with mks sylvan alloy pedals

with mks sylvan alloy pedals

So it wasn’t a difficult decision to replace the cottered crankset with the square tapered one from an old Ricardo 12 speed MTB – a Tracer brand that has also done some brief service on other bikes. It has alloy cranks with steel rings, and surprisingly fitted in and worked without even needing the derailleur stops adjusted !

You may need to adjust the height of the front derailleur to fit the new ring size however. As long as the new crank axle is the right width and you have non-indexed friction shifters this kind of mod. is easy. The down side in my case is a slight reduction of top gear chain wheel teeth from 52 to 48 without a corresponding drop in low gearing – they have the same sized 40T lower chain ring – oh well, it was a freebie I suppose.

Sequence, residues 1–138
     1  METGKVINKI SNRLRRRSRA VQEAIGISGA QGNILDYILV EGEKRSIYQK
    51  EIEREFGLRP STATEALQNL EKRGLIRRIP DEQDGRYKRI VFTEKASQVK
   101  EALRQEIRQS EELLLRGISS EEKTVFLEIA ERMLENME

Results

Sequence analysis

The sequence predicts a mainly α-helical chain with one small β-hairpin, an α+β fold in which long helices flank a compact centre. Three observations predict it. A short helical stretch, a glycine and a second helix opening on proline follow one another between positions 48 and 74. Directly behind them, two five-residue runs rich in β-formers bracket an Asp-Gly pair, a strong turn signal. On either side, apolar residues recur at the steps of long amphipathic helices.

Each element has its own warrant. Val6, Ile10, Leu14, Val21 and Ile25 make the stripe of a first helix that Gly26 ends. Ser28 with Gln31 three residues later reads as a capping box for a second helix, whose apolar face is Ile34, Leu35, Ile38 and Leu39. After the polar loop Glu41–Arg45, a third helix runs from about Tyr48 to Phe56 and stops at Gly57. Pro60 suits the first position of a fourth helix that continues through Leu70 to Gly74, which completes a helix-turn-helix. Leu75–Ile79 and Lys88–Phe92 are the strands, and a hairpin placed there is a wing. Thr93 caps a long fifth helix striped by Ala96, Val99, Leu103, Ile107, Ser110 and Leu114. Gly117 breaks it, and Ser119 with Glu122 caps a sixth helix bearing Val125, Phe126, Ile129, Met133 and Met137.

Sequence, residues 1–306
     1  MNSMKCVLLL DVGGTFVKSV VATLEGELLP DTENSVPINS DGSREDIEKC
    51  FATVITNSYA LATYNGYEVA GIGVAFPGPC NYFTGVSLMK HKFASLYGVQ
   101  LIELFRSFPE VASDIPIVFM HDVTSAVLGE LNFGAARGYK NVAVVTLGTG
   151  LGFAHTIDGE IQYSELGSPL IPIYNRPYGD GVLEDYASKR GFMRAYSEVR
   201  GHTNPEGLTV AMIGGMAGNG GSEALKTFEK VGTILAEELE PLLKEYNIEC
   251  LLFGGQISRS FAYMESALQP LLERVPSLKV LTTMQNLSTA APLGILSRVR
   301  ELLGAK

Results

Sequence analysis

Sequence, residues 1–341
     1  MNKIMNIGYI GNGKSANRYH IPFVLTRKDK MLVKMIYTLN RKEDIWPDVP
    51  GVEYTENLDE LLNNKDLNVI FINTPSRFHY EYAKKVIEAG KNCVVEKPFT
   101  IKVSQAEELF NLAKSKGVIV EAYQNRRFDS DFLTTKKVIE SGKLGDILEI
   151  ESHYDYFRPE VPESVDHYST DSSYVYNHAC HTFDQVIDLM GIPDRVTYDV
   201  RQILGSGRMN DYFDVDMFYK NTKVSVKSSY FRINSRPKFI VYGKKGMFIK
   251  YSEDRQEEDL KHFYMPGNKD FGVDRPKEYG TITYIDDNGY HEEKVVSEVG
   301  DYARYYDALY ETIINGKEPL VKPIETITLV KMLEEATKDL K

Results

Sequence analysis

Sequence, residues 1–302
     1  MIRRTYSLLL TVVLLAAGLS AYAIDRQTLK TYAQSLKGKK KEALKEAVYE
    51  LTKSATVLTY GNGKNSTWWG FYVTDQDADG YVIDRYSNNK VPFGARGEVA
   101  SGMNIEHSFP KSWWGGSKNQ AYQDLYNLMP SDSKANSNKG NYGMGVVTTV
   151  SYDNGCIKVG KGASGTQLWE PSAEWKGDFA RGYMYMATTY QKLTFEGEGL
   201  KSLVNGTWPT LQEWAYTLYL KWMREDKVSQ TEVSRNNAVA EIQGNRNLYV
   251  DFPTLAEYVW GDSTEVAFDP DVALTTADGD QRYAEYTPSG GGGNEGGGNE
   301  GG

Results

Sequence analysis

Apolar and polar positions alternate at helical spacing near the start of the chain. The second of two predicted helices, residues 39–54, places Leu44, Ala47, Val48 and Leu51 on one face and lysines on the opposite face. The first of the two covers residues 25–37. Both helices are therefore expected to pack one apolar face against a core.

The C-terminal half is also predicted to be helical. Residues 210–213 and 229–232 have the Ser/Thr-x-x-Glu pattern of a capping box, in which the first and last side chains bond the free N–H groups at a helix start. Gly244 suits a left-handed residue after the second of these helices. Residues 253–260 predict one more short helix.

old and new (size difference exaggerated by perspective)

old and new (size difference exaggerated by perspective)

It doesn’t look too much different to the old set either, and the alloy cranks seem to visually match the newer pedals as well. Most better quality bikes in ’84 were beginning to have this type of crank/axle set-up anyway.

it's a process of improvement

it’s a gradual process of improvement

Hopefully there will now be no more squeaking and creaking…